Ok, here we’re going to go through the 6502 ALU (and my implementation of it), since it’s relatively straightforward and independent of the rest of the CPU. Below I’ve included the block diagram of the ALU.

It’s got two 8-bit input registers (A and B), both of which can be filled from several different inputs. The B input can additionally be fed with an inverted data bus, allowing the ALU to do subtraction. There are 5 intrinsic operations: add, and, or, exclusive-or, and shift right. The add instruction can also do subtraction, when combined with the inverted data bus. There is a carry-in and carry-out, to allow for >8-bit operations. There is also an overflow bit that detects signed over- or underflow. On the block diagram there are a few other input and output bits, but those are used only for the 6502 decimal mode which the NES CPU does not implement, so we’ll ignore them.

I won’t talk about the input or output registers here, as I decided to have the ALU module be independent of them. I included them in the diagram in order to highlight the inverted DB input. In my ALU, I moved the inversion into the ALU itself rather than outside the B input (because it was cleaner? I dunno, it just happened). So the inputs to the ALU module consist of the A and B registers, the carry bit, and the control signals (the operations plus the inversion signal). One final change is that I included an extra operation, rotate right. That was done purely for convenience, since I’m still not quite sure how this was implemented on the actual 6502 (can anybody clarify?).

With that, here’s the code:

module ALU( input wire SUM_en, AND_en, EOR_en, OR_en, SR_en, INV_en, ROR_en, // Operation control input wire [7:0] Ain, Bin, // Data inputs input wire Cin, // Carry in output reg [7:0] RES, // Operation result output reg Cout, // Carry out output wire OVFout // Overflow out ); // Declare signals: wire [7:0] Bint; // Select inverted or non-inverted B input: assign Bint = INV_en ? ~Bin : Bin; // Perform requested operation: always @(*) begin // Defaults: RES = 0; Cout = 0; // Operations: if (SUM_en) {Cout, RES} = Ain + Bint + Cin; // add with carry-in, carry-out else if (AND_en) RES = Ain & Bin; // and else if (EOR_en) RES = Ain ^ Bin; // xor else if (OR_en) RES = Ain | Bin; // or else if (SR_en) {RES, Cout} = {Ain,1'd0} >> 1; // shift right with carry-out else if (ROR_en) {RES, Cout} = {Cin,Ain,1'd0} >> 1; // shift right with carry-in, carry-out end // Set overflow flag (set if both inputs are same sign, but output is a different sign): assign OVFout = (Ain[7] && Bint[7] && (!RES[7])) || ((!Ain[7]) && (!Bint[7]) && RES[7]); endmodule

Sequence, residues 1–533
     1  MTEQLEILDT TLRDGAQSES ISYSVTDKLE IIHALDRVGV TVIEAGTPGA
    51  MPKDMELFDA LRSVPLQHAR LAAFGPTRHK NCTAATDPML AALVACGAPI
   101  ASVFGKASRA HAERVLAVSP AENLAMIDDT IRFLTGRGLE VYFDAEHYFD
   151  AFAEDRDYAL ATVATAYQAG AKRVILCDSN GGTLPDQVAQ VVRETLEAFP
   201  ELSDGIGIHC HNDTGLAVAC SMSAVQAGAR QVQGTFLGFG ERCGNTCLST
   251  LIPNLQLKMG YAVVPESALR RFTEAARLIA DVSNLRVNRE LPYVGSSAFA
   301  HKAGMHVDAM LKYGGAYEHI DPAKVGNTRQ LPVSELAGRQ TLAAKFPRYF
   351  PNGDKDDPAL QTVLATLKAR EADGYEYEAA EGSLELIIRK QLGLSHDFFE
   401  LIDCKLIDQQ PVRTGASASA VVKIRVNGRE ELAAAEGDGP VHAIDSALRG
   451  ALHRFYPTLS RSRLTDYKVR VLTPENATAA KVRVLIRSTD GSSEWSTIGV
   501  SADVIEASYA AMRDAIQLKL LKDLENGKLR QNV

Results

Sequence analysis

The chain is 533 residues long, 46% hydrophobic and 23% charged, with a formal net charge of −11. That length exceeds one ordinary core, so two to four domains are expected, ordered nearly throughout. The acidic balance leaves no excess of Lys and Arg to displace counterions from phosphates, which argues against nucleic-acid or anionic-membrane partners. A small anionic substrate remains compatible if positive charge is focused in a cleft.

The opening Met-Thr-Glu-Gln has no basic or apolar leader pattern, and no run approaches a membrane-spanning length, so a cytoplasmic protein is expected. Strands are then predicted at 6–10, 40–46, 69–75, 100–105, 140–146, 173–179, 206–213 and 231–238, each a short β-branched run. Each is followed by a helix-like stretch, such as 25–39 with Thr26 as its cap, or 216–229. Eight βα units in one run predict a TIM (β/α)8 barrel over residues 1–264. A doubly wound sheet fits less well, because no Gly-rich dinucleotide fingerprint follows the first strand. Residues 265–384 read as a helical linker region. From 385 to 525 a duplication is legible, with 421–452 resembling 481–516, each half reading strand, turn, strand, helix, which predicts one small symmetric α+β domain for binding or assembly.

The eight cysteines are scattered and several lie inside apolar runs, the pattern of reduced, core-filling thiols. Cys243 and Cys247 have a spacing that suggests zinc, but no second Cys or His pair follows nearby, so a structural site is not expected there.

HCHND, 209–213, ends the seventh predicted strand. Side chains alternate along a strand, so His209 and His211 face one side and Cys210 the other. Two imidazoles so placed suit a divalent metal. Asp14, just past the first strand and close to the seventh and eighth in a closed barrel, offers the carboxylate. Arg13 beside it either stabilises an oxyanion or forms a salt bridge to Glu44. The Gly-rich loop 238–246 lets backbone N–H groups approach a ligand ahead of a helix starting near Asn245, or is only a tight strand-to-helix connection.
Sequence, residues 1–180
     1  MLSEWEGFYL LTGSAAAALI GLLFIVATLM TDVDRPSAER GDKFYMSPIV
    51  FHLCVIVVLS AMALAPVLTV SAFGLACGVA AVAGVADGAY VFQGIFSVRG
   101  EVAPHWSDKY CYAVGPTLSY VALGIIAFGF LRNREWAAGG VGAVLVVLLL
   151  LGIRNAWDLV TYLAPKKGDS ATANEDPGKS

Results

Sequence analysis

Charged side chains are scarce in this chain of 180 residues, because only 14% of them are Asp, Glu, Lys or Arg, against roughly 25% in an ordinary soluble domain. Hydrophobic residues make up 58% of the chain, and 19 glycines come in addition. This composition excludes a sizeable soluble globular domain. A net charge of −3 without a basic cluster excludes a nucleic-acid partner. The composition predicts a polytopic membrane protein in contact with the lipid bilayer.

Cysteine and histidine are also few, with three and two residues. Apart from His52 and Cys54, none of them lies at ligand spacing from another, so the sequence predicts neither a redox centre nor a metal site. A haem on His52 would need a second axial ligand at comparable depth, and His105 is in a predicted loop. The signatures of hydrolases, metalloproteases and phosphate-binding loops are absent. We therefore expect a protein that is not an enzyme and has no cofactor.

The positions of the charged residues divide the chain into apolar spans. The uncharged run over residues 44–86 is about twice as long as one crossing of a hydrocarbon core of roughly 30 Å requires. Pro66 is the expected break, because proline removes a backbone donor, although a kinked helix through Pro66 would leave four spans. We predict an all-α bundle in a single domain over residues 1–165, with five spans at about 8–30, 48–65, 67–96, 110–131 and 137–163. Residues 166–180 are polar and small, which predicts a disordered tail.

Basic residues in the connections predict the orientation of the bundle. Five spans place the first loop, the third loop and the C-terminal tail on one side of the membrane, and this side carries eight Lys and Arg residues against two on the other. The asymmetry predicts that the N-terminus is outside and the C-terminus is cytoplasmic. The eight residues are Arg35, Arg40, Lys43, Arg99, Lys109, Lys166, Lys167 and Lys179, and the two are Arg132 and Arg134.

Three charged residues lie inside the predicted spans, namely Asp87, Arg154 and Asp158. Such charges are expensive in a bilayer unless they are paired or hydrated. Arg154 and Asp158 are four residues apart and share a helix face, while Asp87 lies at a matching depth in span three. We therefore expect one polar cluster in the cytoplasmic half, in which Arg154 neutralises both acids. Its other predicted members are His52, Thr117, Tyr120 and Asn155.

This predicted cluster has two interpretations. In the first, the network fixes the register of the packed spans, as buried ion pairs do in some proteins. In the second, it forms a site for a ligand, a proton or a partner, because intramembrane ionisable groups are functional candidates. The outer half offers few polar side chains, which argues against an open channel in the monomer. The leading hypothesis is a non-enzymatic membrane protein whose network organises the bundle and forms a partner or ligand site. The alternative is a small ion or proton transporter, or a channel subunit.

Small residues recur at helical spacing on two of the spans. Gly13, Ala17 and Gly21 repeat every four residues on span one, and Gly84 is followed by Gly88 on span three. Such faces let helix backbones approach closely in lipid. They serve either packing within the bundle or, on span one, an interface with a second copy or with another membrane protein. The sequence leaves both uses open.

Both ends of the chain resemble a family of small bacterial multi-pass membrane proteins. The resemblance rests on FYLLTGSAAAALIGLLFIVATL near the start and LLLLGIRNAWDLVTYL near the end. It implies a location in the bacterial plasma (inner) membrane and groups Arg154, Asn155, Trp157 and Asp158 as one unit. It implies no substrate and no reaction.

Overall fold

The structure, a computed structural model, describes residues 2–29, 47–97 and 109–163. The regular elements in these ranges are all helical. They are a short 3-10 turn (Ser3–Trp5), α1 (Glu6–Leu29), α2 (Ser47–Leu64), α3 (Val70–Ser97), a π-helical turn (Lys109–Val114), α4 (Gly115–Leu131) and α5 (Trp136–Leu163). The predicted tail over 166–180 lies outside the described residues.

As noted above, the B input inversion in handled inside the ALU module, for reasons. Each operation is handled in a separate case. The input carry bit is used for add and rotate right operations. Carry output is changed for add, shift, and rotate operations (auto cleared for logical ops, but the rest of the CPU will ignore it in those instances). The overflow bit is an interesting one (the best reference for understanding it is Ken Shirriff’s blog: http://www.righto.com/2012/12/the-6502-overflow-flag-explained.html), it basically detects when an operation results in a number that can’t fit in a signed byte (for example: 127 + 1 = -128, instead of +128). To calculate it, the ALU checks that if both inputs (after inverting B if necessary) are the same sign, the result should also be that sign. If it’s not (again, +127 + 1 = -128), then the overflow bit is set. By inverting B, the same math works for subtraction and negative inputs.

One note here is that the ALU relies on the programmer to correctly set the carry input for the requested operation. For example, for a normal 8-bit add, the carry bit should be cleared before the operation (for >8-bit adds, the carry is cleared for the first op, and then the carry out is used for the next byte(s)). For subtraction, the opposite is true – the carry bit should be set prior to an 8-bit subtract. That’s because, for subtraction, the carry bit acts as a “borrow” bit. You can also think of it like implementing an add of the 2’s complement of the input (so to subtract B from A, you invert B and set the carry, so that the result is adding –B to A). Again, for >8-bit subtracts, the carry out is used for the next byte(s).

And… that’s about it! The implementation of the ALU is pretty simple, the real magic comes in the different ways you can manipulate the inputs and controls in order to do some cool things.
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